How to Think About Experience

If there’s one reason why academics don’t make the transition to the private sector, it’s fear. And if there’s one source of all that fear, it’s their perceived lack of experience.¬†Academia requires an arguably unhealthy level of specialization. One unfortunate side-effect of this is that a person’s experience is heavily focused on a single, very small area of specialization. Thus, it’s only natural for for people in this situation to fear that their experience is far too narrow for any “real-world” employment.

The way to get around this fear is by understanding the true value of experience. We often ask about a person’s experience, but we rarely consider the more important question, “why do we care at all about experience?”.

There is absolutely nothing intrinsically important about having relevant work experience. The value of work experience is that it provides¬†evidence. It is evidence that you are capable of doing good work. The same applies to education, job references, work history, credentials, and everything else. Their importance is entirely secondary — they each provide evidence that you’re capable of doing good work.

It is extremely liberating to realize that experience, education, and all the rest are only important because they provide evidence of your abilities. After all, there are many ways to provide evidence of something; and a lack of one kind of evidence can be offset by another. This observation can help you think more productively about how to market yourself to potential employers. For example, here are a few examples from my own experience, or which I’ve seen in successful job applicants who were transitioning out of academia:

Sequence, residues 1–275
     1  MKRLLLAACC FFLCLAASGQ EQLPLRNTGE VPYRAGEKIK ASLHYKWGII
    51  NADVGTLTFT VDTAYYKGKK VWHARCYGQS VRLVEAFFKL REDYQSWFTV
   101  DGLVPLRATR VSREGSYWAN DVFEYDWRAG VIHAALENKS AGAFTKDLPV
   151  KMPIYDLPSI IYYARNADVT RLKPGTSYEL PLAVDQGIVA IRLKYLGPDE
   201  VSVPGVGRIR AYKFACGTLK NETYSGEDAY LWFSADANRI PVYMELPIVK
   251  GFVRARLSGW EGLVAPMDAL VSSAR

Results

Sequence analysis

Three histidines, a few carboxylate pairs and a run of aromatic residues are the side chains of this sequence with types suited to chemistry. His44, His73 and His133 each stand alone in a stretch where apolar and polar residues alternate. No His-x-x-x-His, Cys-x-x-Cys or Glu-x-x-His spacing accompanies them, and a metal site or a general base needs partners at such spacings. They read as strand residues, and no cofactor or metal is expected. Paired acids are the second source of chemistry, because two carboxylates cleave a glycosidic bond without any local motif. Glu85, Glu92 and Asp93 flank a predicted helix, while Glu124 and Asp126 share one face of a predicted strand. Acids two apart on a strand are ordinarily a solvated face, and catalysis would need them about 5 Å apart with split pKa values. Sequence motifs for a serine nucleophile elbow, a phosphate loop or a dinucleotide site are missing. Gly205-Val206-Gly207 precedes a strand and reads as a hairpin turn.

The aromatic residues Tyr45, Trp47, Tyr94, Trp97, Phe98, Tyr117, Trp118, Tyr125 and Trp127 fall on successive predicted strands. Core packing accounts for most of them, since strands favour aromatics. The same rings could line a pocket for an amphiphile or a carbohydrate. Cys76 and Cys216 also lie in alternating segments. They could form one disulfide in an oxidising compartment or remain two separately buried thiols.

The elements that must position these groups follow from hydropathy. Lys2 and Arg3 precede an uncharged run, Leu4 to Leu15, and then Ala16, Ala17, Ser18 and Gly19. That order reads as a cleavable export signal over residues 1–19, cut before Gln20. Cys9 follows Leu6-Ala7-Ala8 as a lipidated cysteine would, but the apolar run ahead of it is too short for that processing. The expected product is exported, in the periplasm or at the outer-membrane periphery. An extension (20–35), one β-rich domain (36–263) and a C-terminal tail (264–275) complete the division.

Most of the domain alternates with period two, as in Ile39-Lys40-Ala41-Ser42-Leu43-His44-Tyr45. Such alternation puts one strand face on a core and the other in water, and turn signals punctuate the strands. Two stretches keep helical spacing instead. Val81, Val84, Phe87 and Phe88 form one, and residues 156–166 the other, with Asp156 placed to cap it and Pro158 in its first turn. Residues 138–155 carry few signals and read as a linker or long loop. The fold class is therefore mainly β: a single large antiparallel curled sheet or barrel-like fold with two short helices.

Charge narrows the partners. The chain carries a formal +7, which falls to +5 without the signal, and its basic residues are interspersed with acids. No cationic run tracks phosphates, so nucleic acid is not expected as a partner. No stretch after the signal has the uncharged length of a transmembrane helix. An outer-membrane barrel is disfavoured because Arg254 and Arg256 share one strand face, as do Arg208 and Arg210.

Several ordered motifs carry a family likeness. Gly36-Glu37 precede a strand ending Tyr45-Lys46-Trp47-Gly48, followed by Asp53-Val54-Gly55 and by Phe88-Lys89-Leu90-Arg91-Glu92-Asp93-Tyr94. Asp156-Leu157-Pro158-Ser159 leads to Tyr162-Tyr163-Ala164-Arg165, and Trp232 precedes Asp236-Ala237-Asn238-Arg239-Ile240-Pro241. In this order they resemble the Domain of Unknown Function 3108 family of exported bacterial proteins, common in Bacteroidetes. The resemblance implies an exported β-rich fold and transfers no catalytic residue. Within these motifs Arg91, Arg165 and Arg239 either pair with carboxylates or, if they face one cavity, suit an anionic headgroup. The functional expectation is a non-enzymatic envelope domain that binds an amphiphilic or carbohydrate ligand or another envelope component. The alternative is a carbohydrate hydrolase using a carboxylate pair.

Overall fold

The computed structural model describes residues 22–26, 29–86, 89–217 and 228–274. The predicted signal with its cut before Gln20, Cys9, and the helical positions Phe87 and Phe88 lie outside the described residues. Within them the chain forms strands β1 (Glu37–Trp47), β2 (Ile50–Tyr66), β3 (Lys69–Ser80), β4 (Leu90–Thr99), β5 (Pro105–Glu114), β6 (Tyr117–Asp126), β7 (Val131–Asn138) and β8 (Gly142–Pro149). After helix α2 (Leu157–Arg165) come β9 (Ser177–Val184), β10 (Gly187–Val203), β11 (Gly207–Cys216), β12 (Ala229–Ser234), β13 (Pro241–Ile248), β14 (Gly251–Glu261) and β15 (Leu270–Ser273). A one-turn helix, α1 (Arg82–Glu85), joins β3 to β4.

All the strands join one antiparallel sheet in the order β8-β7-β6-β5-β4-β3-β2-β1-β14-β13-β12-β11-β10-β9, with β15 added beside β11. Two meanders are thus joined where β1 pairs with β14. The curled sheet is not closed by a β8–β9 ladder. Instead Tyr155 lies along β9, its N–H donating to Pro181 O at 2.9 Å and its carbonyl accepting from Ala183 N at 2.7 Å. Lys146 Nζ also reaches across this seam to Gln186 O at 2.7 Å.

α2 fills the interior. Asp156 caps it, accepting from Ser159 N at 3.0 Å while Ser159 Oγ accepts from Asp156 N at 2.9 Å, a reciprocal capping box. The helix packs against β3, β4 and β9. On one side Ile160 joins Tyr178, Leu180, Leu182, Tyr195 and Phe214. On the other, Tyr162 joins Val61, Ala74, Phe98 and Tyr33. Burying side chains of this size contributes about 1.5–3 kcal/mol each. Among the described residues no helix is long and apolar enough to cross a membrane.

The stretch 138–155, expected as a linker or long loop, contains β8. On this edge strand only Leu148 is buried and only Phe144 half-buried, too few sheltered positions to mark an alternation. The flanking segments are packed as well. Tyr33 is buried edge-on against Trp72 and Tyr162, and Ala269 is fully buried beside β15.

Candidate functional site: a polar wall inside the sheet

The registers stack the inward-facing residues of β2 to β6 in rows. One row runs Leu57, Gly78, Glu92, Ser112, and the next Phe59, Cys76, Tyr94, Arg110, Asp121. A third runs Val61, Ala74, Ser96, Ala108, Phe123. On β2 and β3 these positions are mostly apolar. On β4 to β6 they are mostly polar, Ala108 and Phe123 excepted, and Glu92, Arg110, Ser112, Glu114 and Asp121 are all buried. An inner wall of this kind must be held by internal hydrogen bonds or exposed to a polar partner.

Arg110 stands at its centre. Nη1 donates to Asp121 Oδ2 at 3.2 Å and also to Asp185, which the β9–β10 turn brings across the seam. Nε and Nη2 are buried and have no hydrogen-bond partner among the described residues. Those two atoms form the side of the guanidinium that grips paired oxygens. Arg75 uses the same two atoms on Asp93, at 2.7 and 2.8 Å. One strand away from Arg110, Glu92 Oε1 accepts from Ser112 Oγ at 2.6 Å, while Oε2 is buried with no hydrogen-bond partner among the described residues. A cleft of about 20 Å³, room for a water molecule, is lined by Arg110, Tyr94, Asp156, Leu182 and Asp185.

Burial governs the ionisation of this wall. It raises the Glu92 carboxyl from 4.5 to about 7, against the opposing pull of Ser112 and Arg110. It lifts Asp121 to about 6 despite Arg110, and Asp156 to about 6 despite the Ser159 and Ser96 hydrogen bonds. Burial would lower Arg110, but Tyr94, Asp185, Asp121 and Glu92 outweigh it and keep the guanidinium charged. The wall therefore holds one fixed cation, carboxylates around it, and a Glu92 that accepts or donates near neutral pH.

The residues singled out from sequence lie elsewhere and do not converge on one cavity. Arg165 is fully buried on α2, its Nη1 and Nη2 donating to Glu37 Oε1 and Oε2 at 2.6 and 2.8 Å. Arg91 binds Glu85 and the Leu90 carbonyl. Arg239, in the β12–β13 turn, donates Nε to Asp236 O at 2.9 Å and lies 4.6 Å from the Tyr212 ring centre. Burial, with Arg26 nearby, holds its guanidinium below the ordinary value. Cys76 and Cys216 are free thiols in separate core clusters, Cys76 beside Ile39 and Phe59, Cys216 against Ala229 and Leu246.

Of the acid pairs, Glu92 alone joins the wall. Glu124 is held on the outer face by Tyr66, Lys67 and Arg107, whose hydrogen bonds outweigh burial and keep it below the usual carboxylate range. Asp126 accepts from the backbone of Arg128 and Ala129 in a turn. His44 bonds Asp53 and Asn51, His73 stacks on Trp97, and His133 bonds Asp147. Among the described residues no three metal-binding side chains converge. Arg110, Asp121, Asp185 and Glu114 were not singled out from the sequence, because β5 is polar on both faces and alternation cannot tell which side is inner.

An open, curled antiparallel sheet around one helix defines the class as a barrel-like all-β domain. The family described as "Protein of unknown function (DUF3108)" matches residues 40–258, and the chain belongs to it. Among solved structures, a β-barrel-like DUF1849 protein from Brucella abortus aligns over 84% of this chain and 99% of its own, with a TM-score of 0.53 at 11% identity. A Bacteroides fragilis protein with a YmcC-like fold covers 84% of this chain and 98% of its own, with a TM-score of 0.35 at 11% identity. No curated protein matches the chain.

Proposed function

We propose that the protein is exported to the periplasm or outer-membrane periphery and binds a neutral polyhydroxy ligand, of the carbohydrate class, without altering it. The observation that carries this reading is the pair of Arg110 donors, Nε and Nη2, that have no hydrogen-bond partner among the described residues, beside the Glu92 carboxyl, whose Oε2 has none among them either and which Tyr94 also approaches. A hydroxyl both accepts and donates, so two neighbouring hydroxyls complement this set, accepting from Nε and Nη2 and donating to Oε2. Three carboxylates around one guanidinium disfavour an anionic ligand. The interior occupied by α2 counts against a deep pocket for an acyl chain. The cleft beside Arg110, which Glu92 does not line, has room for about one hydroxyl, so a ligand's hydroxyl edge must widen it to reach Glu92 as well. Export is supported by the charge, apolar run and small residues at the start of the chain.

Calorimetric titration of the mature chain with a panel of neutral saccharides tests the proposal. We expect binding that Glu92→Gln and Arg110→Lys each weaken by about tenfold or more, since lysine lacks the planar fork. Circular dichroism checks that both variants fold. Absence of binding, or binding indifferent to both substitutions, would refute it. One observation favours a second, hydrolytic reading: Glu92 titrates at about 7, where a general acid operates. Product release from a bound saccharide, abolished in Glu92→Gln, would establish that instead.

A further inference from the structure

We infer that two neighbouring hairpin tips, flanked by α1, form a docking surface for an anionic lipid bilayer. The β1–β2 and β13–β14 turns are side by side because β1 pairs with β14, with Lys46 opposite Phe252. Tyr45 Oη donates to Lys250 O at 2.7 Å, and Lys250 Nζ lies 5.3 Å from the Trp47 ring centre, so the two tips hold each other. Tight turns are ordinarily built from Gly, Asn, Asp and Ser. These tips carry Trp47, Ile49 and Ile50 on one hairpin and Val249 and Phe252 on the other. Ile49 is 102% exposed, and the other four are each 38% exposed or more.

• I’d never given a business presentation. But I’ve given plenty of academic talks, and at least a few talks explaining technical subjects to a non-technical audience. I’ve also logged many, many hours in the classroom, teaching to all different levels of student. In many ways, the skills required in a business presentation are the same.
  • I’d never written an engineering design document. But I’ve written grant proposals. And there are important similarities between these two different kinds of writing.
  • I’ve interviewed (and recommended hiring) people who didn’t know the programming language that they’d be required to use. But in each case, the applicant had demonstrated the ability to quickly learn something at least as complex.
  • I’d never explained technical issues to a non-technical client in a business setting. But I’d done a lot of teaching of technical subjects to students with no technical background. And again, a lot of the same skills are required.

A smart employer will actively try to understand how your skills and academic experience are relevant to their business needs. Of course, even a very smart employer may need some help to understand what was involved in succeeding as an academic; this can be done by structuring your resume in the right way, and by making sure that you’re taking adequate time to explain yourself in a job interview.

In thinking about your experience, don’t trap yourself by thinking too narrowly about what’s relevant. Instead, ask yourself a few simple questions:

  1. What have I accomplished in my academic career? (e.g. teaching, research, presentations, writing, …)
  2. What skills were necessary for me to succeed in those things? (e.g. clarity in writing and speech, the ability to frame an argument concisely)
  3. What other tasks in the private sector require those same skills? (e.g. giving a presentation, writing technical documentation, proposing a solution to a business problem)

It’s surprisingly easy to use your answers to these questions to help you organize your resume, and thereby market yourself to the private sector.

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